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Securing Your System

This section describes how to run a secure server. Before reading this section, make sure you have followed the recommended configuration instructions to secure the application.

It’s important to run OJS, OMP and OPS on a secure server environment. In addition to the security settings in the recommended configuration of the application, you must ensure the server is secure where the applicaiton is run.

This section makes a few recommendations for running secure servers. However, if you are unfamiliar with server administration, we strongly encourage you to use a professional hosting service or hire a professional system administrator.

Security Checklist #

  • Follow the recommended configuration instructions.
  • Follow additional configuration recommendations to reduce spam accounts.
  • Use a long, random value for each one of the salt and api_secret_key settings in config.inc.php.
  • Make sure the encryption setting in config.inc.php is set to sha1.
  • Restrict file permissions as much as possible.
  • Set up a SSL certificate and configure the application to use https://.
  • Make sure the files_dir folder can not be accessed through the web.
  • Dedicate a database to the application. Do not share it with other applications on the server.
  • Run antivirus software on the server to prevent users from uploading a compromised file.
  • Configure your server to make automated backups of the database and files_dir at regular intervals. We recommend a backup for every day in the last 7 days, one per week for the last 4 weeks, and one per month for the last 12 months. View the upgrade guide for more complete backup instructions.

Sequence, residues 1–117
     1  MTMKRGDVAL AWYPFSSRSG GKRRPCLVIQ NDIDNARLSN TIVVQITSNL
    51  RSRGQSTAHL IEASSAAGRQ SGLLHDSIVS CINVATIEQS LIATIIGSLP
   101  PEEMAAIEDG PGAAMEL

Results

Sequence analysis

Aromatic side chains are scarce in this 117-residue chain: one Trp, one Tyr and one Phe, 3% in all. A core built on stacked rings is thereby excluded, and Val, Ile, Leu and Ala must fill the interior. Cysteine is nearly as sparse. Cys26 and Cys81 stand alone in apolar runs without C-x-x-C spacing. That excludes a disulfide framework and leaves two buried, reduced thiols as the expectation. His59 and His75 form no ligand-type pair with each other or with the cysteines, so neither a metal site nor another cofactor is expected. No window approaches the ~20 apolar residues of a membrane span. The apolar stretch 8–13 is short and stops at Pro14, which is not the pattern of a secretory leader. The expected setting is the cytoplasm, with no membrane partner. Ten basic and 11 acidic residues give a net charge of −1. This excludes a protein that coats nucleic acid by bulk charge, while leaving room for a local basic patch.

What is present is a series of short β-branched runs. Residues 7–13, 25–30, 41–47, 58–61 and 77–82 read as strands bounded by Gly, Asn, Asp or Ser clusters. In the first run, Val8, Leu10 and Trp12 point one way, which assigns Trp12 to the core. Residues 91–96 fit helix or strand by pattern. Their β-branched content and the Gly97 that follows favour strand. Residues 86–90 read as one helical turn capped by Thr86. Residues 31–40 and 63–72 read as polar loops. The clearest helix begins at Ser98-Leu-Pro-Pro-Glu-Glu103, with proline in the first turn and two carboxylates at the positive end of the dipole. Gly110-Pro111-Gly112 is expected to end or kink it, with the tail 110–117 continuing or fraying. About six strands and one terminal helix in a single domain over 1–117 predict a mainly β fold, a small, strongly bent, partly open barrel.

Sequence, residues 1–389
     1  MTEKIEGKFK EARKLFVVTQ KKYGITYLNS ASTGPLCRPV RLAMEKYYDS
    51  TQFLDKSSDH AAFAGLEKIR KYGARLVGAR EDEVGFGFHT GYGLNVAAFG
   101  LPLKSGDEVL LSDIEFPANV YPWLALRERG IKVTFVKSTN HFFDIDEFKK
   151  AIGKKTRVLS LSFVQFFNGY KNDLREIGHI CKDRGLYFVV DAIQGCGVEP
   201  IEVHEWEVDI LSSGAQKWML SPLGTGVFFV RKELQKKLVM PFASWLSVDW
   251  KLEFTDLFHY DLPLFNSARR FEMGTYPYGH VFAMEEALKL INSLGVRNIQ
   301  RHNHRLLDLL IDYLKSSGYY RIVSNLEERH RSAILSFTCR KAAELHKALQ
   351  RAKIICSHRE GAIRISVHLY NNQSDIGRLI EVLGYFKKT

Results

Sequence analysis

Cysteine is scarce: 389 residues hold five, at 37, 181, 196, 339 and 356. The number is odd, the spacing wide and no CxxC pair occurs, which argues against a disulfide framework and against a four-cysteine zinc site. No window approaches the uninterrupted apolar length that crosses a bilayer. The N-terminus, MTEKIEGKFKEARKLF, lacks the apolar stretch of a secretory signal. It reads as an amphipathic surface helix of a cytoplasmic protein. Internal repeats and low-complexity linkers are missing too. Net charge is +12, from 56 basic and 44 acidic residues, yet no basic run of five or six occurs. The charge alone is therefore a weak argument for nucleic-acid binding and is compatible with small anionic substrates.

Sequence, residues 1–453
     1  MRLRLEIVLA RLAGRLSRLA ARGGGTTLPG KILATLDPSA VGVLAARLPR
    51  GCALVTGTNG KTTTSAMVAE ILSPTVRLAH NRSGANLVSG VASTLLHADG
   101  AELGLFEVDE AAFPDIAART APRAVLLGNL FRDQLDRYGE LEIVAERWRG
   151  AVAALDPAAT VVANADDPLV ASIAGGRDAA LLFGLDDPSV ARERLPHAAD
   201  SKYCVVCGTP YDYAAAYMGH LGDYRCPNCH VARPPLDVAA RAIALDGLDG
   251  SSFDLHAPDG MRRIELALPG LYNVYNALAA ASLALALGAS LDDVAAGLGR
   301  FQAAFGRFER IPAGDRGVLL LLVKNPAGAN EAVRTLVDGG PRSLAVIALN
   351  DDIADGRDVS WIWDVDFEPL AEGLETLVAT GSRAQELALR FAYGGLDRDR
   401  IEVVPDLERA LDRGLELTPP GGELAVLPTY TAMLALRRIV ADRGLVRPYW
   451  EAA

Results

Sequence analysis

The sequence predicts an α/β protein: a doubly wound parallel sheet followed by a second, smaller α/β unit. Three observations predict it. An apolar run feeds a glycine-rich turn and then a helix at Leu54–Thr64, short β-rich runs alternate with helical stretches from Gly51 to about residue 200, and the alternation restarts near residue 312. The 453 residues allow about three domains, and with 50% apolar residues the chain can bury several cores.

• Keep the web server regularly updated with all security patches.
  • Practice good password management: don’t use the same username/password to access the application as you would for any other online account, and don’t use an easy to guess password.
  • Treat everything that you get online with the knowledge that you received it from someone you don’t know, and act likewise. If a submission appears to be suspicious for any reason (strange email address, suspiciously generic title or abstract, etc.), treat the included files with an additional level of diligence.

File Permissions #

The files_dir is where all private submission files are stored. If this directory is located in the web root, anyone will be able to download submission files. Once you have configured the files_dir outside of the web root, lock down access to that directory by setting the read/write permissions so that only the application can read, add, edit and delete files.

The exact details of file permissions will depend on how your web server runs PHP scripts. Read more about file permissions

SSL/Encryption #

All web applications should be protected with SSL/TLS encryption, so that they can encrypt traffic through the server. Without encryption, user login credentials are passed in plain text, which allows anyone scanning the network to intercept them.